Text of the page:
Root canal treatment may be required for a number of reasons including decay, fracture, severe sensitivity, or to prepare for a prosthetic restoration. The exact procedure of root canal treatment can vary according to the kind of tooth being treated but it is a blind procedure where the dentist is trying to disinfect the pulp chamber, filling it, and then putting a cap on top of the tooth to hopefully extend its life .
Can root canal treatment go wrong? It can. Lets us see why it can happen and how often it ends up happening.
RCT Failure rate
Studies have estimated that the success rate of root canal treatment can vary from 86-98% but that figure is quite malleable . This is because the definition of success can change quite dramatically from study to study . Is RCT treatment considered a success if it lasts five years? Ten years? What if the patient does not have symptoms but the tooth starts to develop radiographic symptoms?
These are questions that should be left to the academics. Successful root canal treatment from a patient’s point of view should be a tooth that has been successfully disinfected, is pain-free, and has been restored for functional use in the mouth.
The reality is that with more and more root canal treatment procedures being performed around the world, the number of failure cases is also rising, even if the percentage remains the same .
Why does RCT failure occur?
There are several reasons why a root canal treated tooth can fail.
If the canals are not cleaned sufficiently then some amount of infected material can get left behind on the walls and be a cause for re-infection down the line . With the improvement in instruments available to the dentists and the speed with which a rotary root canal can be performed, insufficient cleaning is quite rare.
Once the canal has been cleaned and shaped by the use of physical instruments, the root canals must be cleaned and disinfected by the use of chemical irrigants. A failure to use a sufficient amount of irrigant or to not use the proper technique while doing so is also one reason why root canal failure can take place .
Once again, this is not something that should occur at the hands of a well-trained and experienced dentist.
Teeth vary wildly from one another and can have extra canals, canals in unexpected locations, or even extra roots. This variation from the mean can sometimes be missed by a dentist who is not trained to look for it .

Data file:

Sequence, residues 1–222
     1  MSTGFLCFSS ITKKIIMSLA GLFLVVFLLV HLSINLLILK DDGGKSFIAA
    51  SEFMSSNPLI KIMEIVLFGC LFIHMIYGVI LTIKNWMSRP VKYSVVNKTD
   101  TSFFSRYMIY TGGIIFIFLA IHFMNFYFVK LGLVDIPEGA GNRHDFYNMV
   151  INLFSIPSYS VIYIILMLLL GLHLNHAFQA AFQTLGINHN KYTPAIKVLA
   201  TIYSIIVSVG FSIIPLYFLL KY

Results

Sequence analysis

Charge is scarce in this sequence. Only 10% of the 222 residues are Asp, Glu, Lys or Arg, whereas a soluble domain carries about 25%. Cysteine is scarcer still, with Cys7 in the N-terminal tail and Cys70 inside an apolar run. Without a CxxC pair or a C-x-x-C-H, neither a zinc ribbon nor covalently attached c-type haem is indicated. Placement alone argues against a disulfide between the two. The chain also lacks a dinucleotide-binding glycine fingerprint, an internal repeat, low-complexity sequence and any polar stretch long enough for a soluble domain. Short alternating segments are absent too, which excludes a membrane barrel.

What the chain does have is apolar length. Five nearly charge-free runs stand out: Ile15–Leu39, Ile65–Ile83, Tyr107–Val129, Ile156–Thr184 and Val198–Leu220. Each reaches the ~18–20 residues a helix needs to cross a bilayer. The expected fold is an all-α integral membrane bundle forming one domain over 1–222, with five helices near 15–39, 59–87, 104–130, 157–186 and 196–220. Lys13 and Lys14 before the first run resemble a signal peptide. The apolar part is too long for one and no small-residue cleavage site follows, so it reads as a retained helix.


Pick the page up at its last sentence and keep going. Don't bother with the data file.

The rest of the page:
Dentists that do not make a big enough opening into the tooth can sometimes miss the extra canals. As a result, a reservoir of infected canals remains inside the tooth and then causes problems once the rest of the treatment has been completed .
This is perhaps the most common reason for the failure of root canal treated teeth. The procedure of performing root canal treatment involves drilling deep inside the tooth and basically making it hollow. This remaining tooth structure is like a shell which can crack if it is not protected by an adequate protective covering.
A lot of the times patients get relief from pain after the root canal treatment and then do not get a cap on top. This must be avoided at all costs. Root canal treatment technically finishes only when the tooth has been replaced with the cap .
If a root canal treated tooth fractures and becomes non-restorable then there is no option but to have it extracted.
The instruments that are used to clean and shape the root canal are extremely fine. They can sometimes be subjected to more stresses than they are designed to handle as in the case of an extremely curved tooth.
In such a case the instrument can fracture inside the tooth. This in itself is not a cause for concern because the instrument is sterilized and will stay lodged inside the tooth much like a filling would. The instrument, however, does prevent the root canal from being completely cleaned and could allow some amount of bacterial infection to remain inside.
The stage of cleaning and shaping at which the instrument fractures makes a very big difference to its contribution to RCT failure .
Underfilled or Overfilled root canal
The filling material used to fill (obturate) the root canal must ideally end exactly at the tip of the root. In some cases, this material can actually extend out from the canal or be very short from it. Both the situations are not ideal but the material extending out from the canal is much worse .
Thankfully, though, a simple X-ray taken after the completion of the filling procedure can help identify and rectify this mistake at the same time.
Root canal failures are bound to happen in some cases even if everything else seems to be perfect. There is nothing that can be done about that. Cases where a Clear mistake has been made, however, must be avoided and rectified if possible.